Rajagopalan, Megha

Rajagopalan is a journalist with Buzzfeed News. While working as Buzzfeed's Beijing bureau chief, Rajagopalan published several groundbreaking stories on mass incarceration and reeducation in the region. She was forced to leave China in 2018 after the government refused to renew her visa without explanation (having done similarly in retaliation for French reporter Ursula Gauthier after she criticized the Chinese government's attempts to link the 2015 Paris Attacks to Uyghurs in Xinjiang).

◾ "This Is What A 21st-Century Police State Really Looks Like", Buzzfeed, October 2017. Rajagopalan went to Kashgar in 2017. "Over the past two months, I interviewed more than two dozen Uighurs, including recent exiles and those who are still in Xinjiang, about what it’s like to live there. The majority declined to be named because they were afraid that police would detain or arrest their families if their names appeared in the press." Additionally, Rajagapolan references research by Adrian Zenz as well as Chinese officials and laws. Includes short quotes from Uyghur Human Rights Project.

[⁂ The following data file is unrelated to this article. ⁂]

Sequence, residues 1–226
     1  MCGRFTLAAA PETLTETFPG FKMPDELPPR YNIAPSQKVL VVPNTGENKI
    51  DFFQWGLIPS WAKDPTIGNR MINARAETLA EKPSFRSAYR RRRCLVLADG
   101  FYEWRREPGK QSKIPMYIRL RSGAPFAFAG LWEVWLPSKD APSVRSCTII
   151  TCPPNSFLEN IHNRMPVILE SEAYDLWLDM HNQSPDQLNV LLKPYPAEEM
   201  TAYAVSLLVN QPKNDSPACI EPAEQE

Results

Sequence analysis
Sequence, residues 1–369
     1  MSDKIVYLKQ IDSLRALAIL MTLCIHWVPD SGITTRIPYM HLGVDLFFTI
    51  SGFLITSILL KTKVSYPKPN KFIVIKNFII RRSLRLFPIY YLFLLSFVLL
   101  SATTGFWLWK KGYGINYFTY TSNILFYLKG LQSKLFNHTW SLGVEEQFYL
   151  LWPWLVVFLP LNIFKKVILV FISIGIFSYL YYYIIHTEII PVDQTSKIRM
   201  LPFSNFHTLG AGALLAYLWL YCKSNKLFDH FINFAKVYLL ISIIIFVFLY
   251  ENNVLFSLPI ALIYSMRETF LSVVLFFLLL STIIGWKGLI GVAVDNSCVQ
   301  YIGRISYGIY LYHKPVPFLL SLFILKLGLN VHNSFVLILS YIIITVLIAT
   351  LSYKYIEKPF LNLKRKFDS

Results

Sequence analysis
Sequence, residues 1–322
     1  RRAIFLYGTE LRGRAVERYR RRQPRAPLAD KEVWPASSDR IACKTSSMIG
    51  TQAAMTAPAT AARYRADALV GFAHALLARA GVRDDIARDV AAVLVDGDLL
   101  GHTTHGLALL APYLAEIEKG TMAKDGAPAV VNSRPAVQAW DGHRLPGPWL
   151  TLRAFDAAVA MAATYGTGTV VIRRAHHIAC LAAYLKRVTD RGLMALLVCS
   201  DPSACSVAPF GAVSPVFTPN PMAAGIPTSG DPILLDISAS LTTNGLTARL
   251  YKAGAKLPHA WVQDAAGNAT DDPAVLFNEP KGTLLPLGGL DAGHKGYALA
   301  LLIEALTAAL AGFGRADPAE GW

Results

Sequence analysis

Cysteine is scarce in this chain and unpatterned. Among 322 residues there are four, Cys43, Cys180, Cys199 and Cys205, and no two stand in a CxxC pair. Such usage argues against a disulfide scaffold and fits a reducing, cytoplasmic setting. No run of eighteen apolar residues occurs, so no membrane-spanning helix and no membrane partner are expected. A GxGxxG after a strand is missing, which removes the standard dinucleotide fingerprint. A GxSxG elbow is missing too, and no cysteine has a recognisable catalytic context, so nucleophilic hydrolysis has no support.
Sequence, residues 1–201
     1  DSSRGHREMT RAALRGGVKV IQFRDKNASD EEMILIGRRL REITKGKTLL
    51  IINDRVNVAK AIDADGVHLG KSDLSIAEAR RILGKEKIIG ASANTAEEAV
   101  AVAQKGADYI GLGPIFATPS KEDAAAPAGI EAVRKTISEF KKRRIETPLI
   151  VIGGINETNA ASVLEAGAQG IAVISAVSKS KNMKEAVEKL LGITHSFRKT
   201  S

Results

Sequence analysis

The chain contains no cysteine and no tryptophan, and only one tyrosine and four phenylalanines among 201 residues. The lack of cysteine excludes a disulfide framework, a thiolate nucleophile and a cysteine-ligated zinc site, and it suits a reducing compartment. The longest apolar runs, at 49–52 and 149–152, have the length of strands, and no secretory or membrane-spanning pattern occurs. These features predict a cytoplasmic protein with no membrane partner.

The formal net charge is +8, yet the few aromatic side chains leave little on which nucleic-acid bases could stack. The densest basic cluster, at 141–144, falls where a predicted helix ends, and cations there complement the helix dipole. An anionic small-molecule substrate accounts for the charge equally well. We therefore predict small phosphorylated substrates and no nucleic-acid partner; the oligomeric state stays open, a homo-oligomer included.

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◾ In a podcast interview with the National Review in 2019, Rajagopalan talks about how she backpacked in Xinjiang as a student, noting the stark difference years later as she returned working for Buzzfeed. Speaking of her experiences in Kashgar: "Kashgar is very multicultural, and there are lots of colorful things: night markets, vendors selling pomegranate juice, street life, music … When I visited in 2017, all of that was gone. Storefronts had bars on them. When you walk through the historic part of the city, people are literally not speaking. You can feel how tense they are."

Shih, Gerry

Gerry Shih is a journalist for the Washington Post. Previously, he worked for the Associated Press in China, where he oversaw significant reporting done by the agency there (for the following accounts, AP notes its researched involved in-person visits to the region; I attribute these to Shih, though I do not know if he himself or others went).

◾ "In western China, thought police instill fear", AP News, December 2017. Reporting based off of "rare interviews with Uighurs who recently left China, a review of government procurement contracts and unreported documents, and a trip through southern Xinjiang". AP interviewed "more than a dozen Uighurs", most of whom on the condition of anonymity.